Monday, March 23, 2009

It's not about Location... duh!

If I had a dollar for every time someone mentioned foursquare during a panel or keynote at SXSWi last week I would be super... Ok, maybe I'd have about 60 dollars. Which is a lot considering I only attended about 6 sessions in all (bah... and missed out on the "panel nerd" badge as a result... whaa!).

The point is that Foursquare's debut at SXSWi was simply put, a success. We all loved it and continue to love it!

The irony is that it is about the millionth LBS application to see the light of day. Worse yet, many of the check-ins were likely done over SMS given AT&T's stellar performance during the conference. Worse yet... it is a resurrection of Dodgeball.

The reality is that the majority of Foursquare's new fan base has tried many of its precursors (from the mobile operators' friend finders, to Loopt, to Dodgeball, to Brightkite). This explains how easily we adopted it - Yes, we got it. But the thing is that not only did we start using it right away without the need for a step by step explanation of why and how to use it, but we also could not stop ourselves. This never happened with any of Foursquare's predecesors.

So at last someone seems to have finally gotten it right.

First it's fun -

Foursquare is unique in that it turns the potentially cumbersome task of providing your location into something you actually want to, cannot wait to do. Why? Because it is a game! And as with games you earn points, you compete, you win prizes (badges), you get to PWN your friends by becoming "the mayor" of a bar. Next thing you know you can't stop yourself. Next thing you know you catch yourself having horrible dark thoughts about checking into a place you're not even at!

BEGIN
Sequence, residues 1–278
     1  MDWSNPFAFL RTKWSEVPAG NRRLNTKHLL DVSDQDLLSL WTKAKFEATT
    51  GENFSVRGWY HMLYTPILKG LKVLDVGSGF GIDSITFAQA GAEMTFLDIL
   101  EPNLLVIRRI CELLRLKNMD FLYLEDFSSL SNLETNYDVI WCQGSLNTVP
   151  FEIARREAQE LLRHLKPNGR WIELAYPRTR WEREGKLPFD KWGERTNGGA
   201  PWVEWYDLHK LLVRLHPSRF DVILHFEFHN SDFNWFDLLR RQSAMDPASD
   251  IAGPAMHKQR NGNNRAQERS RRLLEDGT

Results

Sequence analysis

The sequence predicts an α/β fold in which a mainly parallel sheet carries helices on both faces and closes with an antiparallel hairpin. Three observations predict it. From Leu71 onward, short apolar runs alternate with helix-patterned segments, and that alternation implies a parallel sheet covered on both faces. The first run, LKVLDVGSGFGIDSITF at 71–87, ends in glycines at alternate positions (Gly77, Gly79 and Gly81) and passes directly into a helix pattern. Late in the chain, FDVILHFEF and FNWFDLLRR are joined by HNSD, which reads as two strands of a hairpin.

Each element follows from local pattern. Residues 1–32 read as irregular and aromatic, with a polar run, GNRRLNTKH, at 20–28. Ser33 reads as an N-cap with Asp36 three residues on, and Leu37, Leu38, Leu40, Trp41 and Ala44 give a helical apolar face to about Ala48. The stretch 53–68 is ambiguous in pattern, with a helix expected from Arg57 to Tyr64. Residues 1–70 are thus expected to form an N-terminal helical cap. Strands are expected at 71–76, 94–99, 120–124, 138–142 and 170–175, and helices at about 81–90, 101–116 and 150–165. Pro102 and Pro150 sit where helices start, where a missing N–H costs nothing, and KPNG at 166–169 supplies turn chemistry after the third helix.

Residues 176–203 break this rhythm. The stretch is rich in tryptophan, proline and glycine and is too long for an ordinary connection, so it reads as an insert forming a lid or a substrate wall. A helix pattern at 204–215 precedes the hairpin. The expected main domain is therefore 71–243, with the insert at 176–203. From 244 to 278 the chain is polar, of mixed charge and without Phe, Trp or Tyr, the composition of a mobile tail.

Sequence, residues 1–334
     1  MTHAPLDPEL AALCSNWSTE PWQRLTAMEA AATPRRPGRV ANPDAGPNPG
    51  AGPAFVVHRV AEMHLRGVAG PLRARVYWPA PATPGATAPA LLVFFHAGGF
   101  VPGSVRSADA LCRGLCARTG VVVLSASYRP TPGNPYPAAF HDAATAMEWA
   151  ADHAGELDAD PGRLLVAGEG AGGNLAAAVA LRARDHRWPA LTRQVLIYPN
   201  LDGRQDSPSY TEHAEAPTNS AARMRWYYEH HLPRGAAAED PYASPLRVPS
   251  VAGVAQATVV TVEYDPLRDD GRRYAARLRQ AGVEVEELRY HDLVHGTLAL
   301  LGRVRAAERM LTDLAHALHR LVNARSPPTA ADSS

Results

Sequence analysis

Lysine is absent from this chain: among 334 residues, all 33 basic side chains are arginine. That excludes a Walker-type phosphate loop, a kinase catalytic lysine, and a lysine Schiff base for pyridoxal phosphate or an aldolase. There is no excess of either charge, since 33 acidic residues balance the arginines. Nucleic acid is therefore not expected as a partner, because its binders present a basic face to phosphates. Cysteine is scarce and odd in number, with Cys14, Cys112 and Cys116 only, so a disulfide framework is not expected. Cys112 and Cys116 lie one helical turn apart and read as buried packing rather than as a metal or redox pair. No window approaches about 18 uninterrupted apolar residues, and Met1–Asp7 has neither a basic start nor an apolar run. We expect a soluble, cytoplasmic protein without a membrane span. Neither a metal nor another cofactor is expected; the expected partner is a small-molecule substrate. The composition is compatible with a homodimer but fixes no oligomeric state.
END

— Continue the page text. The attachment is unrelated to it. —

Second, it's useful -

Much like what Yelp, Rateitall, or Google Maps could do, foursquare gives you location based recommendations. The beauty of these recommendations from a contextual and cost perspectives is that they have been provided by the user community. What is even more beautiful is that from a monetization perspective this could be a very valuable capability. For years companies like Cellfire have been toiling with this concept. But again, what was missing was the fun part.

Back in September I summarized this teen survey which concluded with the very astonishing revelation that (gasp! OMG) generation-m did not care for friend-finder applications. I guess we'll just have to see if they change their mind once they PLAY foursquare.


  1. Wait, who are generation M?? Have certain someones usurped me and my era?

    Love my iPhone, but I'm still too stodgy for LBS activities... am I too old for the Foursquare generation?

  2. Foursquare just launched an iTouch app as well... hurrah!